(4; 3 in the half-term). (SS). Laboratory fee ($10) required.
An interdisciplinary survey of the history, politics, government, economy, social institutions, literature, and arts of the Soviet Union and its successor states and their relations with the rest of the world. Lectures and discussion.
Soc. 393/REES 396/Hist. 333/Poli. Sci. 396/Slavic 396. Survey of East Central Europe.
No credit granted to those who have completed or are enrolled in REES 397. (4; 3 in the half-term). (SS). Laboratory fee ($10) required.
An interdisciplinary survey of the people, history, politics, government, economy, social institutions, literature, and arts of the communist and post-communist states of Eastern Europe and their relations with the rest of the world. Lectures and discussions.
Soc. 395. Directed Reading or Research.
Permission of concentration advisor and supervising staff member. (1-4). (Excl). A combined total of eight credits of Sociology 321, 389, and 395 may be counted toward a concentration in Sociology. (INDEPENDENT). May be repeated for credit in the same or different terms.
For students interested in work not available within the framework of regular Departmental offerings (either work beyond the scope of present course offerings for students who have completed available courses with at least a grade of B or work in areas not available through existing course work for students with a 3.0 grade point average). Graduate students should elect Sociology 995.
Soc. 397. Junior Honors in Sociology.
Soc. 210; prior or concurrent enrollment in Soc. 310 or 512; and Honors standing in sociology. (3). (Excl).
A seminar dedicated to help students prepare an original research proposal which is then carried out under the supervision of a faculty member.
Soc. 398. Senior Honors in Sociology.
Honors standing in sociology. Soc. 210 and 310, and permission of instructor. (3). (Excl).
Senior seminar for Sociology Honors students.
Soc. 399. Senior Honors in Sociology.
Honors standing in sociology. Soc. 210 and 310, and permission of instructor. (3). (Excl).
Senior seminar for Sociology Honors students.
Soc. 400. Sociological Principles and Problems.
For juniors, seniors, and graduate students with no background in sociology. No credit granted to those who have completed or are enrolled in 100 or 195. (3). (SS).
An introduction to the mode and procedure of sociological explanation in its major fields of theory and application.
Soc. 401. Contemporary Social Issues III.
(4; 3 in the half-term). (Excl). Credit is granted for a combined total of eight credits elected through Soc. 102, 202, 203, and 401, provided that the course topics are different.
The course focuses on an in-depth analysis of one or more contemporary social issues. The issues discussed vary from term to term. Students should consult the Time Schedule for a listing of topics offered in any given term.
Soc. 404/Am. Cult. 404. Hispanic-Americans: Social Problems and Social Issues.
Junior or senior standing. (3). (Excl).
Hispanic-Americans share a cultural heritage yet they comprise variegated experiences in the U.S. Both their reasons for migration and their processes of incorporation vary widely. To understand these, we use various theoretical perspectives and we seek to understand the social problems and social issues Hispanic-Americans serve to exemplify, such as political vs. economic migration, the ethnic enclave, ethnic identity, social movements, cultural vs. structural assimilation.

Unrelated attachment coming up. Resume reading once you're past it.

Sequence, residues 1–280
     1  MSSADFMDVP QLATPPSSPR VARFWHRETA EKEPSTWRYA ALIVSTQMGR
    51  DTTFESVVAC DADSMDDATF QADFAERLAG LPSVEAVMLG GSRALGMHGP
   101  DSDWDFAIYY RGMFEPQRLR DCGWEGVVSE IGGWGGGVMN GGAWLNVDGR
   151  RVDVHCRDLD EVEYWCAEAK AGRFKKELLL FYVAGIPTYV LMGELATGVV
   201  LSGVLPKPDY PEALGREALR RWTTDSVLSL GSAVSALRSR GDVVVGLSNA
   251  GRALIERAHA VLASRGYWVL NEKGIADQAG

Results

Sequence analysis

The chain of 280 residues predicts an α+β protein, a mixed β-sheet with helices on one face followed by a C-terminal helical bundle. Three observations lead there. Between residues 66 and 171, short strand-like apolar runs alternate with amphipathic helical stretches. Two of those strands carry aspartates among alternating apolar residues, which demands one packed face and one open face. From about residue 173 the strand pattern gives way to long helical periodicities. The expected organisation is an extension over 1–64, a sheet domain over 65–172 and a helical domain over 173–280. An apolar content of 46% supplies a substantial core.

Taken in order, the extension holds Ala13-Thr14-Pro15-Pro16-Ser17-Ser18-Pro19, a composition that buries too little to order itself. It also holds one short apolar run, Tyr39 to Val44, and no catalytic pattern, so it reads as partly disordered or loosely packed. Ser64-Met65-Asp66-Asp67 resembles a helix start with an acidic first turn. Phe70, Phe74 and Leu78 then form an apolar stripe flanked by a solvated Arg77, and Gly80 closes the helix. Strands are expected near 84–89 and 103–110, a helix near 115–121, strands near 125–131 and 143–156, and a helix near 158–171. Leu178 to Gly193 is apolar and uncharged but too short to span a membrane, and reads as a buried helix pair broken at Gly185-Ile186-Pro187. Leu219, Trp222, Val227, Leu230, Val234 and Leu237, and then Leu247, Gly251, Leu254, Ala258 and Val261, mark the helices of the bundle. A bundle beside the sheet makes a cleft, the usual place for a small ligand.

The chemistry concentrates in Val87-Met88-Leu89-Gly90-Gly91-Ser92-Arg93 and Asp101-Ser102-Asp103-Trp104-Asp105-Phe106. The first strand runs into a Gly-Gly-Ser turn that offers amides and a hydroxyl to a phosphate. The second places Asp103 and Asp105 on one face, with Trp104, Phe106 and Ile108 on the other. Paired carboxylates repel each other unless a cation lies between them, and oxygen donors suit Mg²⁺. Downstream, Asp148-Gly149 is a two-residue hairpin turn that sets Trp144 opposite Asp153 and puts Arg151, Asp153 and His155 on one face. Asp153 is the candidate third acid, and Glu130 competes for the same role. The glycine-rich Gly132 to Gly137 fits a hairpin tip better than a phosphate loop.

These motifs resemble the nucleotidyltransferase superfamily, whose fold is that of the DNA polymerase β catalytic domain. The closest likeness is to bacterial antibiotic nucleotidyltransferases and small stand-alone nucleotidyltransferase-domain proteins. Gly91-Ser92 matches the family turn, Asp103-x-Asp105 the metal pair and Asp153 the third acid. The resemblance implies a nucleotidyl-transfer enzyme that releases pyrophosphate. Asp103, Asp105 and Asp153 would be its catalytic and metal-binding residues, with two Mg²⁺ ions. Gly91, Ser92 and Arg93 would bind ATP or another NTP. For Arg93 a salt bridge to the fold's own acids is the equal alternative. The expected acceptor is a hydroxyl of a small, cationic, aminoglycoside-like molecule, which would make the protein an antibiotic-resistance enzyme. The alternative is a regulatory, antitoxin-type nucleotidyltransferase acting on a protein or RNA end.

Soc. 405. Theory in Sociology.
No credit granted to those who have completed or are enrolled in 305. (3). (Excl).
Sociological theory is treated in its research implications, with special attention to concepts, hypotheses, research goals, the systematization of findings, and the relation between theory and practice.
Soc. 410. The American Jewish Community.
One introductory course in sociology. (3). (Excl).
The course examines current issues and ongoing controversies within the American-Jewish community as it reviews broadly the sociological literature on American Jewry. Students become familiar with contemporary trends at the individual, group and institutional levels, and forces operating to create change. Students study topics such as ethnic identity, intergroup relations, group survival, and community structure and organization as the class explores the conflicts and struggles of American Jews to maintain themselves in a pluralistic society.
Soc. 412. Ethnic Identity and Intergroup Relations.
Permission of instructor. Students are required to have taken courses in ethnic studies or intergroup relations. (3). (Excl).
Explores ethnic identity and intergroup relations, focusing on specific groups as well as case studies of particular conflicts and alliances as a basis for broader theoretical understanding.
Soc. 415. Economic Sociology.
One of the following: introductory economics, psychology, or political science. (3). (Excl).
This course offers an integrated view of the interactions between formal organizations and socio-political systems. It examines large, diversified, modern corporate organizations, explicitly recognizing the constraints imposed by modern state-advanced capitalist societies. It integrates literature from sociology, political science, and economics to provide a better understanding of the organizational, industrial, and political parameters that guide the behavior of particular industries and organizations. The course explicitly includes historical studies and cross-national comparisons of both capitalist and socialist economies.
Soc. 420. Complex Organizations.
One introductory course in sociology. (3). (Excl).
An extensive survey of the empirical and theoretical analyses of a variety of complex formal organizations is undertaken. Studies of industrial and other economic organizations, military organizations, voluntary associations, prisons, hospitals, government bureaus, and educational institutions (especially colleges and universities) in contemporary societies is given special consideration.